Saturday, May 10, 2008

Discussing Diversity in the Rockies

Photo: Sergeant Michael Esters, Larimer County Sheriff’s office

Facing Obama
and the Issues

in Colorado

[Taking a road break in a small mountain town high above Denver this week, I'm sitting on a sidewalk bench wondering how the 2008 campaign is having an impact on this remote area. Then I spot the headline in the local weekly, 'Facing Race' with a cutout mask of Obama, on how to talk about the issue. There are three articles, including this one. --Carl Davidson ]

By Marissa Gavel
Rocky Mountain Chronicle

The discussion starts with instant rice for Sergeant Michael Esters.

"I was in a grocery store here, and I found this product that I really liked. I’ve been a bachelor for most of my life, and I really like this [brand of rice]," says the soon-to-be-married Esters.

Except Esters’ product of choice became unavailable, and his only option was a bright orange box with a grinning black man on the front, wearing the kind of smile his black ancestors were made to wear in an effort to hide the truth. Esters has a serious problem with Uncle Ben.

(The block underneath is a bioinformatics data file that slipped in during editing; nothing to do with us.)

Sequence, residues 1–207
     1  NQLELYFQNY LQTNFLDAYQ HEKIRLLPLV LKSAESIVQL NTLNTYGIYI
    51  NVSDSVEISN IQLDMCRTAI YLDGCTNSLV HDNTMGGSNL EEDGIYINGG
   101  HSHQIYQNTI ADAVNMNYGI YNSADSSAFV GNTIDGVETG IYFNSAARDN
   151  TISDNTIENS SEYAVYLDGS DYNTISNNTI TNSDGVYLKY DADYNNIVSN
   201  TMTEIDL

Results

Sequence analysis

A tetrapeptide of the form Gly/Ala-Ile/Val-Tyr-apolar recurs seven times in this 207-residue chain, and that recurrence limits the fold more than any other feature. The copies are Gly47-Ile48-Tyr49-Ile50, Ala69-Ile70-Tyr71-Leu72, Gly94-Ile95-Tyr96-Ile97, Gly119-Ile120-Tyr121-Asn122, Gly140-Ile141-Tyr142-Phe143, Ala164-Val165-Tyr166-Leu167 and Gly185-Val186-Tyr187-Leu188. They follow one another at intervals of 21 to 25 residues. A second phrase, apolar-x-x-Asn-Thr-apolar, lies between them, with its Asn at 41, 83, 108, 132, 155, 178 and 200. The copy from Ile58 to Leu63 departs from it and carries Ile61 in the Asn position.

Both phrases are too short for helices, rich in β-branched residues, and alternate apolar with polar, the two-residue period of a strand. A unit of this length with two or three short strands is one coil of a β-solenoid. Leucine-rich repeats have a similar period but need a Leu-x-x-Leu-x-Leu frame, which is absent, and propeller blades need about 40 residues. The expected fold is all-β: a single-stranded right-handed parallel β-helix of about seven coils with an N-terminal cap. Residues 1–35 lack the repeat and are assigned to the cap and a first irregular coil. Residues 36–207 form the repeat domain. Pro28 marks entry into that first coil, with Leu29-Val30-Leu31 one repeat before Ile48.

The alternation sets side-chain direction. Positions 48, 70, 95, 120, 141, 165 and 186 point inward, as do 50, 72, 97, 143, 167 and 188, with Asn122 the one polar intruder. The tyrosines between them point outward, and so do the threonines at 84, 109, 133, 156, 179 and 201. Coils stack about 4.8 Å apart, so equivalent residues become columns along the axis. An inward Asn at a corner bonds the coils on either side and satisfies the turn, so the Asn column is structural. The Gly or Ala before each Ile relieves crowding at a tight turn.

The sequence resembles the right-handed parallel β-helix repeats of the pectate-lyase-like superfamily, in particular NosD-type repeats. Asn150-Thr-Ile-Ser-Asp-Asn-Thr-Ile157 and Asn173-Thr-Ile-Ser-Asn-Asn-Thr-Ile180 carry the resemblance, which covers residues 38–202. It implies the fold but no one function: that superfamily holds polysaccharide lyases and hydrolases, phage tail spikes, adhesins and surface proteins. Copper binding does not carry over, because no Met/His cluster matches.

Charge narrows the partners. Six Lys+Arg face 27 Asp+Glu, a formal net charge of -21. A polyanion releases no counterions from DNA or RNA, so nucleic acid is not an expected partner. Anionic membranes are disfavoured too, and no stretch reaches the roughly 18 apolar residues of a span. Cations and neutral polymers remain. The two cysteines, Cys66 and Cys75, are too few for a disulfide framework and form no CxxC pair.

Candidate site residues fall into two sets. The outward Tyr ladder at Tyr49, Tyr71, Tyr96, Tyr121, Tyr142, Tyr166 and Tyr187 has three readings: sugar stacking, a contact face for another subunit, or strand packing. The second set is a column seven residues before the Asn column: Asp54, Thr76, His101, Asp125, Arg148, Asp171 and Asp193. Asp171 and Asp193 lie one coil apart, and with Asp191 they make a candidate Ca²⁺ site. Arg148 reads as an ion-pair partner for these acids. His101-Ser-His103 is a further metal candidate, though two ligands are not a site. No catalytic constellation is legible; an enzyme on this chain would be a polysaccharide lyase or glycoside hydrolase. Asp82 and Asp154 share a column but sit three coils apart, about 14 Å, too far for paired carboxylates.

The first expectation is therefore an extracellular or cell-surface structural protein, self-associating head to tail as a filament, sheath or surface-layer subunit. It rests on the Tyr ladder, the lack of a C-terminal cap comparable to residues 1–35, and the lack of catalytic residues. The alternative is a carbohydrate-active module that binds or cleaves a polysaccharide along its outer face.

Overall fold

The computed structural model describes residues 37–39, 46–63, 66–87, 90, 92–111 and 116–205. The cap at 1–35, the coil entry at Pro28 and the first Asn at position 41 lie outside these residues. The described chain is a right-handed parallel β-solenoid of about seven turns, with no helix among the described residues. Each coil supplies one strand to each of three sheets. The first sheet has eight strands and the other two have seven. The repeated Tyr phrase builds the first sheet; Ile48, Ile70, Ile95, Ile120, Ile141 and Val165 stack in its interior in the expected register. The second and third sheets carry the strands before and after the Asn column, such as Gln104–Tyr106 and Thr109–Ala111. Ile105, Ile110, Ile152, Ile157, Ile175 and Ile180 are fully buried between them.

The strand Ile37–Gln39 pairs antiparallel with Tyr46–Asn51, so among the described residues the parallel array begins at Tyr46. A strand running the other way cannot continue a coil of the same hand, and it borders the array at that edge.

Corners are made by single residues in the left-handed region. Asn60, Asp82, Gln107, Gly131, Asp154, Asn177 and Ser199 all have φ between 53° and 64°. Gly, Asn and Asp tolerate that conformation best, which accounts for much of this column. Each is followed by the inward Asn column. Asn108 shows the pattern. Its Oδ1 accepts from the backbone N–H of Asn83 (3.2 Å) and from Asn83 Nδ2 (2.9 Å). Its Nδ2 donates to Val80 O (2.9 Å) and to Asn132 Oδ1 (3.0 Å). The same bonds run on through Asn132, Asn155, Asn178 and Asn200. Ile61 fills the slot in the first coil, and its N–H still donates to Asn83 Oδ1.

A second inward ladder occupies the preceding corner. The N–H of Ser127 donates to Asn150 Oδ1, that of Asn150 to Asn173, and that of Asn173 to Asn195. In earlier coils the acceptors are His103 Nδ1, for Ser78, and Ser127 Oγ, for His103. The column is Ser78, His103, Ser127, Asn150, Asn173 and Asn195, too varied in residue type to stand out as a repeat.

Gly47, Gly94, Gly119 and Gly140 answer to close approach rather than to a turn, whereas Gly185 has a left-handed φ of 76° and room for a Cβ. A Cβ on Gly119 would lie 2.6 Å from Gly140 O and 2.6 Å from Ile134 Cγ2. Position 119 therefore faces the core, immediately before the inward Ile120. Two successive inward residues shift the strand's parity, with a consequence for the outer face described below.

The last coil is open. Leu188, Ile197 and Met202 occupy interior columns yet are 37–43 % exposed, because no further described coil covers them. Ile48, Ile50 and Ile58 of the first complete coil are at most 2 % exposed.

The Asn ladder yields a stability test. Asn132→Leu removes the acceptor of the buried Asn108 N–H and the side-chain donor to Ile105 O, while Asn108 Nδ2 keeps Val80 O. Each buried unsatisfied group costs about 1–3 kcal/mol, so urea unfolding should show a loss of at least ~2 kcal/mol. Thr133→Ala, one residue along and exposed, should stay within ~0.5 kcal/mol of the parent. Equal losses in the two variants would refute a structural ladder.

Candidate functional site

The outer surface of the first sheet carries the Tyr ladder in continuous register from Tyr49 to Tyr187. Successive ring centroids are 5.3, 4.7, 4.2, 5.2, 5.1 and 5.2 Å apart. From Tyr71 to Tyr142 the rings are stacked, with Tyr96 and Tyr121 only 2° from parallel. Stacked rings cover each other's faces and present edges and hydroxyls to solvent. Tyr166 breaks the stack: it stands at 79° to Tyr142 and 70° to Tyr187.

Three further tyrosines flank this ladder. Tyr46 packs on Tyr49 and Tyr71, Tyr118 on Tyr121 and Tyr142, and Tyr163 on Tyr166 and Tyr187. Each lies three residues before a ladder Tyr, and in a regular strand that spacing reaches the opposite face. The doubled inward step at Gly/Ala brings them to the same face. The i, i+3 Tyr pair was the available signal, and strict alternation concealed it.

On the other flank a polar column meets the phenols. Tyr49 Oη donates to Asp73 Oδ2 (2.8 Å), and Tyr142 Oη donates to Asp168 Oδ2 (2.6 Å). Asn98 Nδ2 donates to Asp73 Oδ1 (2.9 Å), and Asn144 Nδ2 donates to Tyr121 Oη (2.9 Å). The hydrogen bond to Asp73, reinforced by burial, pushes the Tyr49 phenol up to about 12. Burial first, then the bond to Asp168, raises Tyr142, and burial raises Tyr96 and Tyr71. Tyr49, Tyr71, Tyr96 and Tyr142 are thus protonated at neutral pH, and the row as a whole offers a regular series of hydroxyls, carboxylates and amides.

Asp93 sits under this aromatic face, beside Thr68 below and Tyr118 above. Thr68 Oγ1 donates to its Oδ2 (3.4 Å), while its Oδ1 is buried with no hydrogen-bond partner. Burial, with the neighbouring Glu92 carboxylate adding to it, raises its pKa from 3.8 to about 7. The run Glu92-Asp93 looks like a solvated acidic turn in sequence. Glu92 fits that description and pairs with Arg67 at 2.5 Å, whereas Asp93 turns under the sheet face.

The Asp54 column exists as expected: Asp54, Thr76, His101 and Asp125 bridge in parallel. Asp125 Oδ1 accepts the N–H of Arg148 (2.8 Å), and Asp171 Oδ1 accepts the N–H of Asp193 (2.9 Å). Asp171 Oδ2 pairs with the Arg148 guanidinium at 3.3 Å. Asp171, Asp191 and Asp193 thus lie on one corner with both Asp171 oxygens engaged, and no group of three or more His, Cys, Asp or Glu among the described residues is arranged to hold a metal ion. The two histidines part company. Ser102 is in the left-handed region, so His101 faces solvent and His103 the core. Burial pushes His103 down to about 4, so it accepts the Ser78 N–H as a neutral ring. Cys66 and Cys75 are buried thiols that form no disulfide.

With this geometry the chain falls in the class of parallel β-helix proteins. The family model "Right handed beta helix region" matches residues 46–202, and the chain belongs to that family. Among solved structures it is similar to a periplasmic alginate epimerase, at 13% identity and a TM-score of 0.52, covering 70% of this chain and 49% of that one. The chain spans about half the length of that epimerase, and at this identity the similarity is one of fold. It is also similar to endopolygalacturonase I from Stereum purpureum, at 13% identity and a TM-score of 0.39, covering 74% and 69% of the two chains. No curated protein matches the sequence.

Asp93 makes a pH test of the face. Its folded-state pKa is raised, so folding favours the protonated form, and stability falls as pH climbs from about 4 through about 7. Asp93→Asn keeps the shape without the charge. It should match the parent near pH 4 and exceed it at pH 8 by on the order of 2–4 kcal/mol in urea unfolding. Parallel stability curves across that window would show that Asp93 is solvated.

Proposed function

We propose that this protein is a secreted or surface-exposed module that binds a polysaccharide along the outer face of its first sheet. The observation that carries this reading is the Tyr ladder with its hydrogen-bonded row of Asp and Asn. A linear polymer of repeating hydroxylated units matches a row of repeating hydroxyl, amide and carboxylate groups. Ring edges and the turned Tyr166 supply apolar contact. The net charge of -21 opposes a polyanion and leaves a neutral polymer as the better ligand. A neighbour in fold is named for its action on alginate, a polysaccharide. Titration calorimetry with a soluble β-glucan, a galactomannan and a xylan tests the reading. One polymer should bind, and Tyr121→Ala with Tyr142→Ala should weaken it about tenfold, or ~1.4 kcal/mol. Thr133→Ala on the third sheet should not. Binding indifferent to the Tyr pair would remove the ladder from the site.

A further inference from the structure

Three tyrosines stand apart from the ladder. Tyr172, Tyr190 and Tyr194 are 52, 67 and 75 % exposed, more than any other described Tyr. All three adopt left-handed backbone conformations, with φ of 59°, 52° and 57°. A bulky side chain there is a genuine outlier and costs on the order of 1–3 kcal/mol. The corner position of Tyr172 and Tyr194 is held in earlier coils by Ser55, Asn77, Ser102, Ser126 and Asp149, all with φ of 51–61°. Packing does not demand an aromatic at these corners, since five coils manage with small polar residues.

"I have always felt that products like that are really a poor representation of African Americans, and date back to the servant or slave culture, and I do not want to support those images. So I am not going to buy products with those images on the front," he says, in a calm tone that belies his Hulk-sized biceps, dark blue combat shirt and close-cut hair.

"It was really difficult for [the store manager] to understand why I wanted to buy that other product, why it was important," Esters explains. "I don’t want to special order a product. I want you to understand that many people, not just African Americans, but white Americans as well, find that offensive."

(Mars, Inc., which owns the Uncle Ben’s brand, promoted the character to the "chairman of the board" in 2007 to try to dispel such associations.)

Esters has lived in Fort Collins for fourteen years. His monologue has yet to turn into a dialogue with shop owners who just don’t seem to understand what he thinks would be an obvious point to make in a discussion about product labels and consumer choice. But the lack of conversation about ethnic and racial issues is nothing new for 47-year-old Esters, who was raised in a family of four in Germany and then Nebraska. He’s used to being the only black man in a sea of white people, and he has come to recognize that beginning a conversation about rice is just the tip of the iceberg when it comes to ethnic differences in predominantly white communities.

"I don’t think there is a conversation," he says. "I think a few people in Larimer County are concerned with diversity and issues of racism, but for the most part I think that the dominant culture feels that it’s not something that affects them, or is not an important issue at this time. So I don’t think that we are having those types of conversations."